What are PTSD Service Dogs?

PTSD Service DogPeople who have experienced traumatizing ordeals such as physical abuse, military or combat encounters or an involvement in a tragic accident are at a higher risk of facing post traumatic stress disorder (PTSD). PTSD is a psychiatric disorder that results to an out of control anxiety or panic attacks.

People living with PTSD usually relive the life-threatening moments they witnessed which results to panic and fear that their life or another person’s life is in a danger they cannot stop. PTSD is normally treated with prescribed medication as the affected person in most cases is advised to avoid public places that are likely to trigger an attack.

However, service dogs have over time been known to help several people living with PTSD adjust to going out in public and feeling safe in their own home which for some is a difficult transition. During a PTSD attack, most people experience a situation that seems to be out of their control hence the need for the service dogs that assist in taking charge.

Service dogs need a highly specialized training in order for them to be useful and efficient to their handlers. Both the dogs and their trainer must be equipped with certain levels of skills and knowledge that are necessary for their respective duties. Companies that train service dogs, carefully select and assess the dogs before engaging them in an intense training that enables them identify and disrupt any behavior that is linked to PTSD for instance, panic attacks, excessive anxiety, and nightmares.

Service dog trainers are professionals at their jobs and they too have undergone years of training on how to handle each unique dog they come across in their every day classes. A well trained service dog has a sensitive character that keeps them alert to any sudden change in their environment. They are also expected to be well-mannered and act on instinct as this allows them to work independently to help an individual with PTSD when facing an attack.

There is a growing demand for PTSD service dogs, especially among veterans. In 2014, The Department of Veteran Affairs (VA) launched a program that ensured veterans with certified service dogs have unrestricted access to veterinary services. Despite veterans being the most affected people with PTSD as a result of combat experience, other civilians can be victims too due to a number of reasons such as: natural catastrophes, sexual assault, tragic accidents, and experiencing acts of terrorism. Occurrences of such events often lead to fear, confusion, or anger. PTSD symptoms combined with their experiences interrupt and cause havoc in one’s life making it difficult to carry out regular day to day activities.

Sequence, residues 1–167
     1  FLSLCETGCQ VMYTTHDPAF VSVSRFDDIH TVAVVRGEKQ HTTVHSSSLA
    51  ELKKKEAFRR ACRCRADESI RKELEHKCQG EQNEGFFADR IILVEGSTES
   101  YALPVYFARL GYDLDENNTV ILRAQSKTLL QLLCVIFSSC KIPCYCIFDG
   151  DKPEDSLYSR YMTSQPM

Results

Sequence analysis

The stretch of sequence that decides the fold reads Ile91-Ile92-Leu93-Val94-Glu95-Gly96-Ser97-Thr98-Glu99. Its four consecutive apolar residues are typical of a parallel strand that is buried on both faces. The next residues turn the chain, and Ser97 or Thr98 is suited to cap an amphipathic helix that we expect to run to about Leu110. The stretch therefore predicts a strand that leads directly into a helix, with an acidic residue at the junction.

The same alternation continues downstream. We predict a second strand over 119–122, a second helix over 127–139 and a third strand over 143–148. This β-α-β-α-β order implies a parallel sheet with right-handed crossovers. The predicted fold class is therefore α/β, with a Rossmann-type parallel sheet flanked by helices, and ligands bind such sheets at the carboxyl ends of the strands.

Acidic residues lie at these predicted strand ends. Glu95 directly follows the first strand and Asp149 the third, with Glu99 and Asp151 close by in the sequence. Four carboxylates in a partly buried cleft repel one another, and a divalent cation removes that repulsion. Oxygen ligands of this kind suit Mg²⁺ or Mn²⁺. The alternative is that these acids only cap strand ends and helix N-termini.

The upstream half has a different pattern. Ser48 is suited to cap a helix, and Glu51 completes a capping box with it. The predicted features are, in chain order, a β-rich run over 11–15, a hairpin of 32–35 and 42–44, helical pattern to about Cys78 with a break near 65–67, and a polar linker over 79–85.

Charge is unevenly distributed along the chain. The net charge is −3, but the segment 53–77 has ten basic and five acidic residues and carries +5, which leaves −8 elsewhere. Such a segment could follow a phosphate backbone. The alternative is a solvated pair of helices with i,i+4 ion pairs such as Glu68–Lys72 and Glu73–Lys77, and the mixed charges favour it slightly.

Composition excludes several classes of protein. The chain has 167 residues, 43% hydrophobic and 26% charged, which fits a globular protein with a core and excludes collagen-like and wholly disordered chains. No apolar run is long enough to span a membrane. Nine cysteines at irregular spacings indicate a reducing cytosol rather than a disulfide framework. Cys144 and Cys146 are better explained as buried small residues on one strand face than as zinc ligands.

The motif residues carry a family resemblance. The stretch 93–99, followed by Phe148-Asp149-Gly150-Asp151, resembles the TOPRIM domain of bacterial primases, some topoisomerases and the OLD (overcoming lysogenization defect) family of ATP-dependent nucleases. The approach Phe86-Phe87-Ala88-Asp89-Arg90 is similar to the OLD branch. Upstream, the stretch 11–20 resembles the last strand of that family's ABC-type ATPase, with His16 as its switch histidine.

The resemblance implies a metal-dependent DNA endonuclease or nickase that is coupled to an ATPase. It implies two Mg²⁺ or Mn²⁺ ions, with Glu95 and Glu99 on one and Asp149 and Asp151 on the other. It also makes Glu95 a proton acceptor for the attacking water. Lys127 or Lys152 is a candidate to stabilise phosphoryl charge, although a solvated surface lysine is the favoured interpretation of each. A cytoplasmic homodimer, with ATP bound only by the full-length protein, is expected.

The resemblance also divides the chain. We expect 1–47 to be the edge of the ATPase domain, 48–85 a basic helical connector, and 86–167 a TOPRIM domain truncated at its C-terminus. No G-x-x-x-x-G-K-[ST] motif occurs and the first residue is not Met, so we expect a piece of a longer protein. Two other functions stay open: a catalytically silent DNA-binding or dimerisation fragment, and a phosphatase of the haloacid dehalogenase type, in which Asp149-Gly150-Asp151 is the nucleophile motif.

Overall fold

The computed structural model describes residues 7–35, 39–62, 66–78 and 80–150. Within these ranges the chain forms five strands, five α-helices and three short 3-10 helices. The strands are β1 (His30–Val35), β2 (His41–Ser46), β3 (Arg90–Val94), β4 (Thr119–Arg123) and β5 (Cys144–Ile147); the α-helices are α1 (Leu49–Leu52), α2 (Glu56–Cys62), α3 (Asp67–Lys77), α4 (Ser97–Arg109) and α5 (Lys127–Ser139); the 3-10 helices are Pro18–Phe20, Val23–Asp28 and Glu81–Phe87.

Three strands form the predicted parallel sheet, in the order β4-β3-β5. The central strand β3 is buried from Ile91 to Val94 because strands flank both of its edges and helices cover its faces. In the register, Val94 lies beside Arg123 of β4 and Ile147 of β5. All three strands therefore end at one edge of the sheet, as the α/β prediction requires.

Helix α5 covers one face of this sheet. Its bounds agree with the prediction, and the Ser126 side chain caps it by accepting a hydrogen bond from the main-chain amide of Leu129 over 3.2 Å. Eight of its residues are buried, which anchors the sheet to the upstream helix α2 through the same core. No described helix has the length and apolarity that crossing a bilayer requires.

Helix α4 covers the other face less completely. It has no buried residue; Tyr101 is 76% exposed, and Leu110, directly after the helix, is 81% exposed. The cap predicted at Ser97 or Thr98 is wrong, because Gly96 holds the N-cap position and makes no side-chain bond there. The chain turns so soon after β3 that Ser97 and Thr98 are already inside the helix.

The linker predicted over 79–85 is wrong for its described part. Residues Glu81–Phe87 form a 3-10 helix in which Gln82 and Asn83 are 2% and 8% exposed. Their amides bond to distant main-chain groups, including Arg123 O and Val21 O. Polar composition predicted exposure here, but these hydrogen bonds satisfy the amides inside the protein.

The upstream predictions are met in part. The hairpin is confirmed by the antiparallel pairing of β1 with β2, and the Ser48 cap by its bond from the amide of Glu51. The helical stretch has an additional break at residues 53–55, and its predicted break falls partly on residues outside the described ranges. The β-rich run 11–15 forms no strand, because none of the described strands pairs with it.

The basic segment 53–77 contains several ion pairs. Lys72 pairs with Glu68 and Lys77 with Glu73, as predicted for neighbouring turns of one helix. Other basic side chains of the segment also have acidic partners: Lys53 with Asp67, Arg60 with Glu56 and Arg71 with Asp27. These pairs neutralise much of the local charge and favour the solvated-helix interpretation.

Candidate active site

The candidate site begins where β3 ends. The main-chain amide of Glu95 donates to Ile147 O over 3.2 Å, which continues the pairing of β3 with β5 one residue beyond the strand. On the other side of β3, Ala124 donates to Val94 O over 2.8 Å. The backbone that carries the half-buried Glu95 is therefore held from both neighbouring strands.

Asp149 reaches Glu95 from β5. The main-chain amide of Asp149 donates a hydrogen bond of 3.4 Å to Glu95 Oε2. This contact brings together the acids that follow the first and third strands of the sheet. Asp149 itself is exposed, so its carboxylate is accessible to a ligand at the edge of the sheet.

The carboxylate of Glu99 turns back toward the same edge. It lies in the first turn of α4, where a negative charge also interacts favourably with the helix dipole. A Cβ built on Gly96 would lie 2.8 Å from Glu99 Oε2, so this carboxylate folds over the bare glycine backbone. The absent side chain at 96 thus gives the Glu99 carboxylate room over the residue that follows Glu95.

Several compiled reports state that owners of PTSD service dogs have admitted that their companions whom some term as their best friends have contributed more to their recovery road than compared to other relief options. Training service providers conduct a thorough evaluation of both the PTSD service dogs and their potential handlers with an aim of matching a pair effectively. When applying for receivership of a PTSD service dog, several investigations are carried out by the trainer as a routine to ensure a person affected with PTSD is able to find a suitable matching canine that will contribute majorly in helping them get better.

Service dogs are trained to perform various duties that offer support and aid in overcoming PTSD symptoms. Duties include; securing a room before the handler by patrolling and checking on doors and windows, putting the lights on in an effort to interrupt a nightmare, and also alerting their owner when a stranger is approaching them by gently nudging them.

People suffering from PTSD who have had the opportunity to acquire a service dog, eventually learn to cope with their condition and readjust their lives accordingly. Life has improved for these individuals courtesy of the PTSD service dogs’ presence in their lives. They end up gaining confidence in themselves and their environment, returning to their social day to day tasks that were previously difficult due to their condition. Some have reported that the PTSD service dogs have helped them manage their symptoms to an extent that they required less of their medication.

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